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Stopping Exercise Decreases Brain Blood Flow

Stopping Exercise Decreases Brain Blood Flow | neuroscience | Scoop.it
Neuroscience News has recent neuroscience research articles, brain research news, neurology studies and neuroscience resources for neuroscientists, students, and science fans and is always free to join.
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Mindfulness At Work: 5 Tricks For A Healthier, Less Stressful Work Day - Huffington Post

Mindfulness At Work: 5 Tricks For A Healthier, Less Stressful Work Day - Huffington Post | neuroscience | Scoop.it

Mindfulness At Work: 5 Tricks For A Healthier, Less Stressful Work Day

"Meditation is an act of sanity," scientist and writer John Kabat-Zinn told Google employees in a mindfulness session at the company's headquarters in 2007.


Via ozziegontang, Dennis T OConnor, Julie McFadden
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ozziegontang's curator insight, June 24, 2013 11:51 AM

A good read to help better understand how to integrate mindfulness into daily practice.

Jo Hale's curator insight, March 9, 2014 1:30 PM

Some tips you could try to practice mindfulness 

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Neurology Professor's YouTube Video Wins National Contest to ...

Neurology Professor's YouTube Video Wins National Contest to ... | neuroscience | Scoop.it
A 10-minute YouTube video explaining the basics of the human nervous system has won a UW-Madison neurologist a trip to educational innovator Khan Academy, and a chance to help prepare pre-medical students for a new ...
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New neurology professor identifies habit cells - The Dartmouth

New neurology professor identifies habit cells The Dartmouth By training lab rats to learn complex maze paths and tracking their activity over time, psychology professor Kyle Smith used optogenetics to identify the cells responsible for habit...
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Functional #Neurology Daily

Functional #Neurology Daily | neuroscience | Scoop.it
Functional #Neurology Daily, by Dr Yolanda Loafer: The Best in #FunctionalNeurology on Twitter! (RT @DrYolandaLoafer: Functional #Neurology Daily is out!
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Brain overload as toddler explains missing childhood memories

Brain overload as toddler explains missing childhood memories | neuroscience | Scoop.it

Scientists -- and parents -- have long wondered why we don’t remember anything that happened before age 3. As all parents know, no matter how momentous an event is in a toddler’s life, the memory soon drifts away and within months there isn’t even a wisp of it left.

 

Now a new study shows that “infantile amnesia” may be due to the rapid growth of nerve cells in the hippocampus, the brain region responsible for filing new experiences into long-term memory. The study was presented Friday at the annual meeting of the Canadian Association for Neuroscience.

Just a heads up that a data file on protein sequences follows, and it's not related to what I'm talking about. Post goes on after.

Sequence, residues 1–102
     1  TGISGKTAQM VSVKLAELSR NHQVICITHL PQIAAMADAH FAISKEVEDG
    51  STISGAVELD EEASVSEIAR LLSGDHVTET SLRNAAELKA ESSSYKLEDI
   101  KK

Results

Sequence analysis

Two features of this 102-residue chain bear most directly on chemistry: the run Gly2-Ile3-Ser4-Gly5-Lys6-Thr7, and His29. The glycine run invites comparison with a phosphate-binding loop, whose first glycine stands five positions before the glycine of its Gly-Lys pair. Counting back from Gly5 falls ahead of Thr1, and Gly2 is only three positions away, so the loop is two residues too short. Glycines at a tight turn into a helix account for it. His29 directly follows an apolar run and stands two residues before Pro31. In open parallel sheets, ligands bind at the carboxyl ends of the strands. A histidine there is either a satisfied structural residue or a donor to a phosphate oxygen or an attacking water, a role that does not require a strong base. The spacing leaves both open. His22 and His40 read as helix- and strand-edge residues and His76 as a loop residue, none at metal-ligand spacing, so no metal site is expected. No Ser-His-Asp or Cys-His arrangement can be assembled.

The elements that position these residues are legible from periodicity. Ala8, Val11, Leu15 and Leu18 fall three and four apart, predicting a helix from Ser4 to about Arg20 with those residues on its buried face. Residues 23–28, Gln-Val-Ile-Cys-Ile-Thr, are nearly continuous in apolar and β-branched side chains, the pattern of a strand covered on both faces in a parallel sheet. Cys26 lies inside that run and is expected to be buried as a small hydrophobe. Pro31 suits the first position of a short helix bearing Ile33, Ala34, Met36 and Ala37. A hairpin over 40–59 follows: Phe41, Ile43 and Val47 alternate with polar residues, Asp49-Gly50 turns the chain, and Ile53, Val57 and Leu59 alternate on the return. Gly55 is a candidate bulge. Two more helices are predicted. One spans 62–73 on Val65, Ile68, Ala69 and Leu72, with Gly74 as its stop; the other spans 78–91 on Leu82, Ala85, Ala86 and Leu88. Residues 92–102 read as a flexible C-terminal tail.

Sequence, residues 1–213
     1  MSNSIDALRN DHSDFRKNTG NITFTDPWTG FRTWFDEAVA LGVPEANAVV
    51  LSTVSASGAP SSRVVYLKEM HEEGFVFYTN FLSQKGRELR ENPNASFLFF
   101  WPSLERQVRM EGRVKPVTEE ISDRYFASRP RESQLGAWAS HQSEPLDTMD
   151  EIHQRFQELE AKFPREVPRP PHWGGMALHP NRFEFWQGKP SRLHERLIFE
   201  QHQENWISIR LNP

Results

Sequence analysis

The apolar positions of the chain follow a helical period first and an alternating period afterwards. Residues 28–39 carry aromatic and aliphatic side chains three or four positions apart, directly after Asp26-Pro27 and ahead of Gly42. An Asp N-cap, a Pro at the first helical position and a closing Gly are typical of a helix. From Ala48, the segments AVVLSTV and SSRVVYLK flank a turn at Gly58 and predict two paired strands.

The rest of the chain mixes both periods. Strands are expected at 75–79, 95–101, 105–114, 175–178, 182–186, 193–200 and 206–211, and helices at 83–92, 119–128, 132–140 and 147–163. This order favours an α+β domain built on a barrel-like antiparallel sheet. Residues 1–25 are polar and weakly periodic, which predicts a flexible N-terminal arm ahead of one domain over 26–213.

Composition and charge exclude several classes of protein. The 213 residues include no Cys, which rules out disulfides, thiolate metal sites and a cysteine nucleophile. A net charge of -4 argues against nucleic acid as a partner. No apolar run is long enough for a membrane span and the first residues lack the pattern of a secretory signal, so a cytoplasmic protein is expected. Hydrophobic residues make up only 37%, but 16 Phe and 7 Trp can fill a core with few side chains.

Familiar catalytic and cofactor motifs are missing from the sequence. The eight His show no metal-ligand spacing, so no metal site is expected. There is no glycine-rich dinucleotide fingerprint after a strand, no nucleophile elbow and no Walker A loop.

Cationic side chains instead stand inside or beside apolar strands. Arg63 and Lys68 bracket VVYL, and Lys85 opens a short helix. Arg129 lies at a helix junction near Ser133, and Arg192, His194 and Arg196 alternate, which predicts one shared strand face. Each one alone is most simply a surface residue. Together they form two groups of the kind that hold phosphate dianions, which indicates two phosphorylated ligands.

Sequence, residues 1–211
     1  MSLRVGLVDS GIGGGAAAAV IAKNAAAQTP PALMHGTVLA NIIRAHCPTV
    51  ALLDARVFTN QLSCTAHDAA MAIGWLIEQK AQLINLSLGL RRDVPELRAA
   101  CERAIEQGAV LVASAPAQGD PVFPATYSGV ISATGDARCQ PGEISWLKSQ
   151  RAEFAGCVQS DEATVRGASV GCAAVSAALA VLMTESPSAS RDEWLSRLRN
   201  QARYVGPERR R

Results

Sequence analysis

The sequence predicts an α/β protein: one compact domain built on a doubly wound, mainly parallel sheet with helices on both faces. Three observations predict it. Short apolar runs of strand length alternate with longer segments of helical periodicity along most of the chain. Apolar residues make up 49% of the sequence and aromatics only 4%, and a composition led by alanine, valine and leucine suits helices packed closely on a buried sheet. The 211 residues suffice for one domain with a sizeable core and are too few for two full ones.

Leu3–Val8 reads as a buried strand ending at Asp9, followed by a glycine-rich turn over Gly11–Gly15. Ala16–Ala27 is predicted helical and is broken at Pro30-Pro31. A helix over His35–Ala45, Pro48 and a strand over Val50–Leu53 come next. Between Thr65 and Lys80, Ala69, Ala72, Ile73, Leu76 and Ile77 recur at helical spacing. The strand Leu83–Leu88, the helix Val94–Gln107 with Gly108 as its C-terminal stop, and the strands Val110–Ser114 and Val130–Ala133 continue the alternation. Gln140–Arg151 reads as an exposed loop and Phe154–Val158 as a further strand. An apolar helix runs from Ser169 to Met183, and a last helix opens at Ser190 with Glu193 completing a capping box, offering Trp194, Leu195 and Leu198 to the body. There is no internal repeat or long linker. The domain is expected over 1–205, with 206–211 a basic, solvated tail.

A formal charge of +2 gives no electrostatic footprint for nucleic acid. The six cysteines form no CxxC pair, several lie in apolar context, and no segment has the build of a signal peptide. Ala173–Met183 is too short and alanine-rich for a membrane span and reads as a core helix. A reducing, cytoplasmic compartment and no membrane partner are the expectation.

While youngsters do seem to remember important events for a short time after they occur, they lose these memories as time goes by, says study co-author Paul Frankland, a senior scientist at the Hospital for Sick Children in Toronto. “They can’t form stable memories of what happens in the first few years,” Frankland says. “I have a daughter who is 4 years old and because we were working on this study, I would always ask her questions about her memories of places we visited 2, 3 months ago. It’s clear that she can form memories with quite some detail. But four years from now she won’t remember anything.”

 

Frankland suspected that memories actually got filed away into long-term storage, but that the hippocampus lost track of where they’d been stacked during the rapid growth phase that takes place in the first few years of life.

As the hippocampus matures, huge numbers of new neurons come on line and need to be hooked into existing circuits, he says. The most likely scenario is that in all that restructuring, the brain “forgets” where it stored the memories.

 

As the expansion slows down, the brain can better keep track of where everything is filed away – so long-term memory gets better as youngsters get older.

 

To test his theory, Frankland gathered up some baby mice and slowed down the rate at which new neurons were formed in the hippocampus.

Normally baby mice have the same problem with long-term memory that human toddlers do – if you teach them to navigate a maze, after a few days they’ll forget how to find their way around. But with neurons being produced more slowly, the mice now were able to form long-term memories and remember how to get through the maze.

 

Dr. Liana Apostolova of the UCLA Brain Research Institute was delighted to have an answer to why her 6-year-old doesn’t seem to remember things that she recollects as very important. "This is a very interesting finding,” she says. “And it ties in greatly with what's in the literature."

 


Via Dr. Stefan Gruenwald